Commercial Zoning

County Plans to Amend Development Ordinance to Address "Adequate Public Facilities" Language

Adequate public facility ordinances (APFOs) tie local government development approvals to the availability of essential public facilities. In other words, development is not permitted at a particular site unless and until a defined level of public services is available or somehow, in some way, provided for — schools, roads, wastewater, fire services, and the like.

While this type of ordinance is common in many growing states, a quite specific approach is used in North Carolina. N.C.G.S. 153A-341 and 160A-383 grant counties and cities, respectively, the authority to regulate development “to facilitate the adequate provision of transportation, water, sewerage, schools, parks, and other public requirements.” This provides a statutory basis for local government facilitation of adequate public facility requirements. That being said, according to a study published in 2005 by the UNC School of Government, APFOs has been “sparingly applied” in our State.

The legal landscape changes when North Carolina local governments employ this APFO paradigm to assess fees — commonly referred to as “impact fees.” According to Professor David Owens, “Local governments in North Carolina have authority to impose fees for a variety of ‘public enterprise’ functions, such as the provision of water and sewer services. The zoning and subdivision statutes also allow regulations to require land dedication, construction, or payment of fees to address specific public facility needs generated by the development, such as internal roads, utilities, parks, and community service facilities.” However, in the absence of specific statutory basis to assess a particular species of fees, recent court cases have indicated that local governments are without authority to do so. And this is despite the broad language of N.C.G.S. 153A-341 and 160A-383. On this score, public enemy number one from a local government authority standpoint is with regard to “school impact fees.”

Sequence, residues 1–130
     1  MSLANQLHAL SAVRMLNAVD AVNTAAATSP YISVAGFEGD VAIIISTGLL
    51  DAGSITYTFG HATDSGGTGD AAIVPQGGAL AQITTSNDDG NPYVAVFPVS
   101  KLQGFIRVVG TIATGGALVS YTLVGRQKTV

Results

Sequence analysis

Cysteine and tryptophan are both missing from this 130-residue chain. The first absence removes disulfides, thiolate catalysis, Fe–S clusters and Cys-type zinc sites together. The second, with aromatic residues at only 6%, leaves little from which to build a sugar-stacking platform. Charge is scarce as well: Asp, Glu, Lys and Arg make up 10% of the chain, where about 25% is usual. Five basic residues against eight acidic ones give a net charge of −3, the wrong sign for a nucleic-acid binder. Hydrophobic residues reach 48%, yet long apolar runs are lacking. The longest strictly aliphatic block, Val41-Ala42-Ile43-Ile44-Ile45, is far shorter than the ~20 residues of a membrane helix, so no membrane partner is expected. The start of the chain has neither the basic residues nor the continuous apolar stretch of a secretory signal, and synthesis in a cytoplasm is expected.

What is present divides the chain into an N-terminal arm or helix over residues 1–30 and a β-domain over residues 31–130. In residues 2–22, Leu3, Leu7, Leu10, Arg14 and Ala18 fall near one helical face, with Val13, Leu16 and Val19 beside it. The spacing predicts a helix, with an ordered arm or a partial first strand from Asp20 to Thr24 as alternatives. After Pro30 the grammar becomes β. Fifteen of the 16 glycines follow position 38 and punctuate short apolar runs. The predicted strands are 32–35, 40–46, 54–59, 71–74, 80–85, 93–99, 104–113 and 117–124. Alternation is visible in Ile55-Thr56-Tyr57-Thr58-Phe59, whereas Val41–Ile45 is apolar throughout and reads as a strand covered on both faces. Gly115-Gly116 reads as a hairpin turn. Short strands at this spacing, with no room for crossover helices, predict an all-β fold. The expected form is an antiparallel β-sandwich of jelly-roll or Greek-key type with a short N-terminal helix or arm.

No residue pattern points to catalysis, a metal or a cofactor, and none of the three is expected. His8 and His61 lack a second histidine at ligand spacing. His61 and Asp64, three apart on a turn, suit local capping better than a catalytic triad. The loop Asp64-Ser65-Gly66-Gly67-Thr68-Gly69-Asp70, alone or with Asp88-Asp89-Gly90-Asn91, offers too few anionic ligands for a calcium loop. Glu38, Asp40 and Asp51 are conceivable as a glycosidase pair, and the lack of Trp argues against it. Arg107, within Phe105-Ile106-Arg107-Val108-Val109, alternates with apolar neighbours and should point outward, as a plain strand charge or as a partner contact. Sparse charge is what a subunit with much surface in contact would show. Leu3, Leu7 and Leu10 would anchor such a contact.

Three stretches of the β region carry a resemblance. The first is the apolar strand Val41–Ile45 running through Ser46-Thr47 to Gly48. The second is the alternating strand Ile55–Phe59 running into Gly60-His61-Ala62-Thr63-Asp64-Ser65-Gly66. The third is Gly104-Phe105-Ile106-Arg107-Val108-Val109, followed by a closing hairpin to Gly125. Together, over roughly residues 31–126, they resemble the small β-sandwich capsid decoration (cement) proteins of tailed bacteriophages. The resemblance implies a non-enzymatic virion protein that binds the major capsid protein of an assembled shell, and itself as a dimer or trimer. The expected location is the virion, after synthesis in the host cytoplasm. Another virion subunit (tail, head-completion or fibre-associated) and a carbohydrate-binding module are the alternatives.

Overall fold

This very issue has popped up on the coast. New Hanover County, within which sits the City of Wilmington, is amending its planned development ordinance in the wake of developer-led challenges. It’s been reported that the current ordinance requires that developers of certain sized projects provide “adequate public elementary school facilities” by either donating land to the board of education or paying a fee equal to the tax on the market value of the land. Developers take issue with the fact that they, rather than home buyers, are footing this bill, which, in essence, will amount to double taxation. The County, for its part, is looking to “pass muster” with its protection of adequate facilities while encouraging “orderly” development.

We’ll report back as to what sort of language the County is able to whip up that will satisfy both the necessary obligations and restrictions.

Mike Thelen is a lawyer in Womble Carlyle’s Real Estate Litigation practice group. He regularly represents a wide variety of clients in land use and land development issues, from local governments to businesses, in both state and federal venues throughout North Carolina.

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